PLOT: An elderly man (Anthony Hopkins) struggles with dementia as he tries to remain independent.
REVIEW: Has any performer ever been as consistently good as Anthony Hopkins? With something like sixty years of excellent performances under his belt, something is amazing about how, unlike so many of his contemporaries, he always gives every part his all, and as he enters his eighth decade of life, he seems bent on delivering some of the best work of his career. First, there was last year’s THE TWO POPES, and now there’s THE FATHER, which ranks up there with AMOUR as one of the most uncompromising depictions of aging ever made.
What makes Florian Zeller’s THE FATHER so effective is that, throughout much of the running time, we’re made to feel the way Hopkins’ character does. He’s confused, and so are we. The film starts with his daughter, played by a riveting Olivia Colman, telling him that she’s moving to Paris to be with her new boyfriend, but then, in another scene telling him that she’s doing nothing of the kind and is married to a man in London. Her husband is alternately played by the sympathetic, but frustrated Rufus Sewell, while at other times he’s played by Mark Gatiss, who slaps him around. He’s not even sure who his daughter is, with her sometimes played by Colman, and other times by Olivia Williams, while Imogen Poots plays a caregiver who, actually, might be another of his daughters.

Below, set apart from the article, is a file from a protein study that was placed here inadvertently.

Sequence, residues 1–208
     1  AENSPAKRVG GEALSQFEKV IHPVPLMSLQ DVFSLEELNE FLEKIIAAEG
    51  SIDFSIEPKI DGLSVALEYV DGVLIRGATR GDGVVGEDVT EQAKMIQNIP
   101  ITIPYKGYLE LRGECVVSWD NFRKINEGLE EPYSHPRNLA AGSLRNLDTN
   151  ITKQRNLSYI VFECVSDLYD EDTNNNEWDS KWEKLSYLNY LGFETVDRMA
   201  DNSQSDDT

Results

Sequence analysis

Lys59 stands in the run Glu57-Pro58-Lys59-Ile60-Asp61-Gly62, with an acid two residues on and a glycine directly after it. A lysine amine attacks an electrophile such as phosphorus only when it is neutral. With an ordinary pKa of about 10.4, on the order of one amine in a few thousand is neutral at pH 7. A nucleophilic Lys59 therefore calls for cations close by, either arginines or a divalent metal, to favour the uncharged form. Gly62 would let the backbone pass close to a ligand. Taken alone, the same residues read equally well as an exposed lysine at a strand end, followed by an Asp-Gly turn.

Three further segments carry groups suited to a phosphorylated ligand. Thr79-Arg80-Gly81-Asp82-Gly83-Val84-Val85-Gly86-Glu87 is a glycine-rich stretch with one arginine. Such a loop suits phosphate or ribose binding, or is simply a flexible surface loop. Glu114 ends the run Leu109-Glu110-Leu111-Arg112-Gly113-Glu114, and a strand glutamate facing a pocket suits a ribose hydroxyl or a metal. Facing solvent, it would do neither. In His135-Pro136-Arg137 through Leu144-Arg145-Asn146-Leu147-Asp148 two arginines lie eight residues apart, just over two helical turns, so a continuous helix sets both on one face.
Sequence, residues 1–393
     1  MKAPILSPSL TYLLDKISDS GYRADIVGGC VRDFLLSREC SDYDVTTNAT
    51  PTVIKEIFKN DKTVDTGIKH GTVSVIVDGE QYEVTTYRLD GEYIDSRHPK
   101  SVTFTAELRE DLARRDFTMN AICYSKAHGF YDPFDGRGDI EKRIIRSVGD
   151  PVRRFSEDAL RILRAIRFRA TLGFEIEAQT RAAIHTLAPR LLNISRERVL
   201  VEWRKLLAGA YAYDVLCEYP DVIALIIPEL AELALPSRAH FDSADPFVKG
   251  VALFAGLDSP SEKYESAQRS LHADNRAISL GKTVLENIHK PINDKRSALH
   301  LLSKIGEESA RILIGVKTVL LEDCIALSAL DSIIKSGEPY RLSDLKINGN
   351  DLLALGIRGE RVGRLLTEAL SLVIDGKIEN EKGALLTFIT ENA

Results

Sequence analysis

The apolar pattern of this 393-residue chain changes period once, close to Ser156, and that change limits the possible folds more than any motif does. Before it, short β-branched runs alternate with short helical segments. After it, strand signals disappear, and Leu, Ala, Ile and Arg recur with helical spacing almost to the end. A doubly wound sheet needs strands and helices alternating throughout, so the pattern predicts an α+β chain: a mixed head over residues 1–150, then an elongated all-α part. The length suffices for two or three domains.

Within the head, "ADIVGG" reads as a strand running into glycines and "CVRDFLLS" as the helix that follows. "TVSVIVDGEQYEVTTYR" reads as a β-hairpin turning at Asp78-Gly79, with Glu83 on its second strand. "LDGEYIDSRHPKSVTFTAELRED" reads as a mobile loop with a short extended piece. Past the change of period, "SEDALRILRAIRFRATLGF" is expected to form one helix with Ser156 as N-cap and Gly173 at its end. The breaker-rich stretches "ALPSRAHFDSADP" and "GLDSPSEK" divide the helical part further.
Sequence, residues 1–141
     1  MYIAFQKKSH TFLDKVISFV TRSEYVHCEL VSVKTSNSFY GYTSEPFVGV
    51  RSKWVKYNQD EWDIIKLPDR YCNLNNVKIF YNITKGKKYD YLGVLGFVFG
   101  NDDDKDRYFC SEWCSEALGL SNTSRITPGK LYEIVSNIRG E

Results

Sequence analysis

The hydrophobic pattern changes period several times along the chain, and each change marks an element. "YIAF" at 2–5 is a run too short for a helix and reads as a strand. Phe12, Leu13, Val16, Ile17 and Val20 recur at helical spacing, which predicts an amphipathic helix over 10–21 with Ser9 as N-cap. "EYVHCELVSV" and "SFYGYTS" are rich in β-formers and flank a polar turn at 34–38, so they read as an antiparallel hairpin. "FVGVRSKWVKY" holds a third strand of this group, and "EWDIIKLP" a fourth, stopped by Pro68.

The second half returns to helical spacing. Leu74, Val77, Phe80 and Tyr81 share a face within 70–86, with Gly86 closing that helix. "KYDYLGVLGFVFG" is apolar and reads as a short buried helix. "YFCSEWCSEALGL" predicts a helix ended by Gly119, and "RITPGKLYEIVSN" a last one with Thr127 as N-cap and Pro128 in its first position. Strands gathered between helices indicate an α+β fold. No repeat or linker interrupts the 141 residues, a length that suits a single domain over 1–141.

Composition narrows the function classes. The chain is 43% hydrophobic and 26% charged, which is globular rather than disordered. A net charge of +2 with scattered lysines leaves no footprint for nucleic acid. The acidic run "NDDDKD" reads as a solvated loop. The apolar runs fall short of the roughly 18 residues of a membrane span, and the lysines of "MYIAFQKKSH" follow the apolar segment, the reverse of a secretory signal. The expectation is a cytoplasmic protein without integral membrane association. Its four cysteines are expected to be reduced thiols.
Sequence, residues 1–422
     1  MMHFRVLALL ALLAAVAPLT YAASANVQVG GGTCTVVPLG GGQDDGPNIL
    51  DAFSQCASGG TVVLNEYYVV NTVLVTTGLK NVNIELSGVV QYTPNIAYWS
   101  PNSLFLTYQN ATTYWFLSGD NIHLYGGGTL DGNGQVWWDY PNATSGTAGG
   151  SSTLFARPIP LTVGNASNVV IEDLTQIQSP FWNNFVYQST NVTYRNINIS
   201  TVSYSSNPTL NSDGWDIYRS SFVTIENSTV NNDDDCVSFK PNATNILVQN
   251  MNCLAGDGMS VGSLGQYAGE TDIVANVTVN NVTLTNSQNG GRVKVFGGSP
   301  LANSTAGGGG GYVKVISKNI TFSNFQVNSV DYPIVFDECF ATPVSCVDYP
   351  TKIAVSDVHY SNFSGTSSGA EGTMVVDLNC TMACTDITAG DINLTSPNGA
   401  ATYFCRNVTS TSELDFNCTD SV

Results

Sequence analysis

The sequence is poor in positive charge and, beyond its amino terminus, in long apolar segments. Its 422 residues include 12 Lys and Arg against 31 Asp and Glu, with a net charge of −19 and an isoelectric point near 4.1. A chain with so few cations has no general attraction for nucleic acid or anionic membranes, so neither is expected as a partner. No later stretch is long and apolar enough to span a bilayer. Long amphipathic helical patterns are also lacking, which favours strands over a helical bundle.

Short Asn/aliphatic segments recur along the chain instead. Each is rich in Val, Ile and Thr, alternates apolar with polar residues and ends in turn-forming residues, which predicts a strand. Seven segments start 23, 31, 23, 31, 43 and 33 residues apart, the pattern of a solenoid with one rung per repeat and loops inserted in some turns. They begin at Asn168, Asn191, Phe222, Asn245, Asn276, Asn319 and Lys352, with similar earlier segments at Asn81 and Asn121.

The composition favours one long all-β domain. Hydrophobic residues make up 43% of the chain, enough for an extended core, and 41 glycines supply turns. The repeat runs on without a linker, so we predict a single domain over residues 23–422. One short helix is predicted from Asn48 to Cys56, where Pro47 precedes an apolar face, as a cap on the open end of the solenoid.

While based on his own stage play, Zeller and co-screenwriter Christopher Hampton open THE FATHER up to make it quite cinematic, and the result, which places you firmly in the mindset of a man with dementia is occasionally frustrating – by design. It’s a skilled feature debut for the director, with a smooth big screen look that takes advantage of some really beautiful lensing and production design.
The acting is superb, with Hopkins veering from being obstinate and perhaps even abusive, to utterly pathetic as he cries for his mommy, to elegant and charming, only to turn on a dime. It ranks up there with his best performances and seems sure to land him an Oscar nomination. Meanwhile, Colman is deeply humane as his daughter, who’s selflessly putting her life on hold, while Sewell is sympathetic as the partner who, on the one hand, wants to enjoy his life and be free of his father-in-law, but on the other, seems aware that his wife really has no choice in the matter.
It all builds to a very bittersweet ending that says a lot about how we, as a society, still don’t really know how to deal with our aging population – a problem which will only likely get worse and hits pretty close to home for this reviewer. I live in Quebec, and recently the elder-care network went through a COVID-19 related scandal and made many think about how badly the industry needs an overhaul. THE FATHER is a sobering reminder that, even if everyone has the best intentions, the person in question often won’t be capable of appreciating this and, at the end of the day, there are no easy answers.